Presentations and Product Demos
Product demonstrations, unboxing videos, and reviews have become an important content marketing strategy for many dealers – and a popular hobby or even profession among thousands of consumers as well. Creators are advised to select a camera with an ultra-high-definition capture card to create video content of this nature. These videos are likely to be edited after the fact, which means the user should start with the highest possible quality so that even cropped or filtered shots can be streamed at crisp high definition.
Fine-tuning capabilities such as the ability to adjust white balance, iris aperture, and shutter speed are also important for this use case: If any part of the video needs to be reshot, the user will want to recreate the appearance of the original lighting conditions and image as closely as possible.
For sophisticated users, ePTZ presets are a must. This feature allows the user to establish multiple shots – like a wide angle and a close-up – and toggle between them with a single remote button-press. Users can instantly zoom in on a product, then switch back to the demonstrator, creating a professional multicamera effect with a single webcam.
Living Room Conferencing
The world’s largest tech companies are betting that videoconferencing is going to move into consumers’ living rooms. New displays from Amazon, Samsung, and Google come with support for Zoom or Google Duo built-in, as does the latest model of Fire Cube. For families who’ve grown accustomed to connecting via videoconferencing over the past two years, conferencing-enabled TVs could offer a richer and much more comfortable experience than huddling around a phone or computer. Consumers must install a webcam to access this feature, though, and a standard device just won’t do.
Consider the typical distance between a user and their laptop screen or computer monitor. Now, think about the distance between a television and the couch. A normal webcam mounted on a television screen is going to capture way too much of the room; the people on the couch will make up a tiny fraction of the frame. Ideally, the subjects’ heads and shoulders should be visible, with about 10 to 15 percent clearance between the top of the subjects’ heads and the top bezel of the screen. Achieving that framing in a living room context requires a webcam with zoom capability.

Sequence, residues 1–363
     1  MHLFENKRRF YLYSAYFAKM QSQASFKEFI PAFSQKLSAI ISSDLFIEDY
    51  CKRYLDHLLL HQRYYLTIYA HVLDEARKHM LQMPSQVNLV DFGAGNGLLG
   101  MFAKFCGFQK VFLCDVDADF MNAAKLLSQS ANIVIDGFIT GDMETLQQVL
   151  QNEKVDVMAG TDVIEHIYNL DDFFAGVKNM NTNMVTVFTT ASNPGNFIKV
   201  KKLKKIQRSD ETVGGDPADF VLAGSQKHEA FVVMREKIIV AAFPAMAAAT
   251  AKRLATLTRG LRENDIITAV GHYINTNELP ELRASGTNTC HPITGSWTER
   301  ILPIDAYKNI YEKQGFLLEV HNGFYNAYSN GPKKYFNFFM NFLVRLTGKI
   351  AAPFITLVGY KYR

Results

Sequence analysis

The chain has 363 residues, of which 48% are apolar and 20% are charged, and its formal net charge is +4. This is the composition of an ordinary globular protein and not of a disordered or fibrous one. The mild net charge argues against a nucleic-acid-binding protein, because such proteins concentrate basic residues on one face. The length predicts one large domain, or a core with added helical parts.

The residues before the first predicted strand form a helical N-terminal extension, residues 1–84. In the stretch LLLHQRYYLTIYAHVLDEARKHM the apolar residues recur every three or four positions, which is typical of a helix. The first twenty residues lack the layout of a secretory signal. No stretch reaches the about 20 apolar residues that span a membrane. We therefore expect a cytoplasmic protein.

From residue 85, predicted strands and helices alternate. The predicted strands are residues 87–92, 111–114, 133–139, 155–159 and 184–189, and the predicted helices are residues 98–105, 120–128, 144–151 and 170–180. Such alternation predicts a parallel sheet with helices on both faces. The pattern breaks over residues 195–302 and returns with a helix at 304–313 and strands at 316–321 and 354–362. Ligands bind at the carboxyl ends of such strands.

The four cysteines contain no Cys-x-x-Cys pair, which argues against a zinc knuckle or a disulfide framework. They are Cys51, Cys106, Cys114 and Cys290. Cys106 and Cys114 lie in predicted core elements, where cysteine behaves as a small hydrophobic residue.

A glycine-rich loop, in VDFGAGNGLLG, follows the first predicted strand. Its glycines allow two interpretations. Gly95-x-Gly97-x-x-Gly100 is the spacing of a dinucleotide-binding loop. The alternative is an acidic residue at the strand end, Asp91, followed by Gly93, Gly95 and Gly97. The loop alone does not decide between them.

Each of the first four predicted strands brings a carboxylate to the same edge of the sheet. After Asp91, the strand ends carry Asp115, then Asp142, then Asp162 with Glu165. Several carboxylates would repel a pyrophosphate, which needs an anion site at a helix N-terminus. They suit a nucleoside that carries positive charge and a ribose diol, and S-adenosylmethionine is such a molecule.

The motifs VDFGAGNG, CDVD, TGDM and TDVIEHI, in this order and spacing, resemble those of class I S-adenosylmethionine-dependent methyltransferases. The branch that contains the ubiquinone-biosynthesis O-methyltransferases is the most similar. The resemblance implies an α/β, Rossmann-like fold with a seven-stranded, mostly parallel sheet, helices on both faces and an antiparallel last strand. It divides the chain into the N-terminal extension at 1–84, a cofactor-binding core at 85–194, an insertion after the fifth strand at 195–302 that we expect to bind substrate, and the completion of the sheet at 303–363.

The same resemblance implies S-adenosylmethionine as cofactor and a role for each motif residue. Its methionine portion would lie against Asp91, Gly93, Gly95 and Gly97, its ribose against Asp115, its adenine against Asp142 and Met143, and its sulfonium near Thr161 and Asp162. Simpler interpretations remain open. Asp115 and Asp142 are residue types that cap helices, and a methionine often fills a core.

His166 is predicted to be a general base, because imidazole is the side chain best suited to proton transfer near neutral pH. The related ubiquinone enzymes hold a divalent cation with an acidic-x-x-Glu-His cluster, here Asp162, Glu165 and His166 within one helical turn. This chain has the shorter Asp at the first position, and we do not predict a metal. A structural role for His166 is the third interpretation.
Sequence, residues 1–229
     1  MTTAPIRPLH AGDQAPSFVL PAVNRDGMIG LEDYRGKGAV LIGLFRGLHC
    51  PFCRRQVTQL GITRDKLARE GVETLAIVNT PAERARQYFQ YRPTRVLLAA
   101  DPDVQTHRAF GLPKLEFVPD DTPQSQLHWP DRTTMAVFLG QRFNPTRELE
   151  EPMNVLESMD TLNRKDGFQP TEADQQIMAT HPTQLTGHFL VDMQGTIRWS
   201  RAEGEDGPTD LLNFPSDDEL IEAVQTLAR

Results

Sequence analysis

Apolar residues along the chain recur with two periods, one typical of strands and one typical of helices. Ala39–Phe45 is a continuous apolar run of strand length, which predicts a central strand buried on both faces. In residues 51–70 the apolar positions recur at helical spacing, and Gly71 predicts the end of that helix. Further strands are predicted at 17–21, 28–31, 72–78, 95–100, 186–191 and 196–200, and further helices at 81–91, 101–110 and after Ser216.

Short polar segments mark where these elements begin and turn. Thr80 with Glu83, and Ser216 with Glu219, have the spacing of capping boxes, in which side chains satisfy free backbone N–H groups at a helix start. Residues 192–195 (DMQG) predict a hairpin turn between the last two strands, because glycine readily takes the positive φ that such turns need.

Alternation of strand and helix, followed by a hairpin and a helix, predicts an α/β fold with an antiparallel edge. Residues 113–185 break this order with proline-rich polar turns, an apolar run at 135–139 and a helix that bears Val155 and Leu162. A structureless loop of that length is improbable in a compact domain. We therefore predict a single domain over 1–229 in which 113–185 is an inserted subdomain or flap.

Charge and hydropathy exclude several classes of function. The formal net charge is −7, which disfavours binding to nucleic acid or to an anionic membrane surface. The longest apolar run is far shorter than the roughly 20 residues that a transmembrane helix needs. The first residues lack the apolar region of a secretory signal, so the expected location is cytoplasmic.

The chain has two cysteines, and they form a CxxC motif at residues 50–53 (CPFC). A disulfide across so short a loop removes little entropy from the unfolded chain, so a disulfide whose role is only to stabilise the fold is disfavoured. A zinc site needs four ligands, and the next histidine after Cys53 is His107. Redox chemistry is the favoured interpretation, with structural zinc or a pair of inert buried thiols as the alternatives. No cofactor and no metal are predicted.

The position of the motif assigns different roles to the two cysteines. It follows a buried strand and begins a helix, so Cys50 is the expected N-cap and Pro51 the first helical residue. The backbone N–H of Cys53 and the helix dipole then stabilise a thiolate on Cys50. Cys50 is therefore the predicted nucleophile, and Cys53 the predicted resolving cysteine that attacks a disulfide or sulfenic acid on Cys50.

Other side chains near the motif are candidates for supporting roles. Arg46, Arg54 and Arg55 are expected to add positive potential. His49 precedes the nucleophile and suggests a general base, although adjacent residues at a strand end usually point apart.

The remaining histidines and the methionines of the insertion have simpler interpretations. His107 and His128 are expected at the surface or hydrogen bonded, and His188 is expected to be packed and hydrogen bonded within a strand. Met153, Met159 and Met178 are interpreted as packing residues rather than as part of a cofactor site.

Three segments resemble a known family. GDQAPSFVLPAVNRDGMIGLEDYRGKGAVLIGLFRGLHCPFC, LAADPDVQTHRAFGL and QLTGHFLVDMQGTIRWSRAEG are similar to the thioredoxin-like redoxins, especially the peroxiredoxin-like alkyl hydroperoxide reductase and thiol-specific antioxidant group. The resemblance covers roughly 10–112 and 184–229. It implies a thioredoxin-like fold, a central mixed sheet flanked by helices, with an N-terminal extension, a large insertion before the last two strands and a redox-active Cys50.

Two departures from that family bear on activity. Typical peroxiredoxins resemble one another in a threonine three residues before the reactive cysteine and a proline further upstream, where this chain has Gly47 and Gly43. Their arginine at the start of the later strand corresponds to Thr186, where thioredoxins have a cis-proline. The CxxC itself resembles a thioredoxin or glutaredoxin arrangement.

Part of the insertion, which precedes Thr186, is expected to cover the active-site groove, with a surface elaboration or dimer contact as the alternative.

Video conferencing services typically transmit video at a 1080p resolution. That means that a 4K webcam with ePTZ capabilities can zoom electronically up to 4X without any loss of signal quality for a 1080p conference. Of course, if you’re looking for a truly crisp image – or if the customer has a fairly large living room – you can achieve truly lossless capture at greater distances with optical zoom.
If you’re meeting one-on-one, you’re likely better off doing so using your computer or mobile device; the primary use case for a living room webcam is family videoconferencing. Participants are unlikely to sit tightly packed together, holding still in a single position. Kids will bounce around the room, and family members may enter and leave throughout the conversation. In a room with multiple seating options, even a single participant is unlikely to sit in the same position every time. For this use case, users will want the ability to not just zoom, but reframe – without having to manually adjust the webcam’s position. The user should be able to reframe any camera with PTZ or ePTZ capabilities using a remote, but presets – or better yet, autoframing – make this process a lot more convenient.
Cameras are becoming a more central part of consumers’ professional and family lives. Dealers pay a key role in helping them choose the right camera for the right application – and in the process, establish themselves as trustworthy experts for the customer’s next video venture.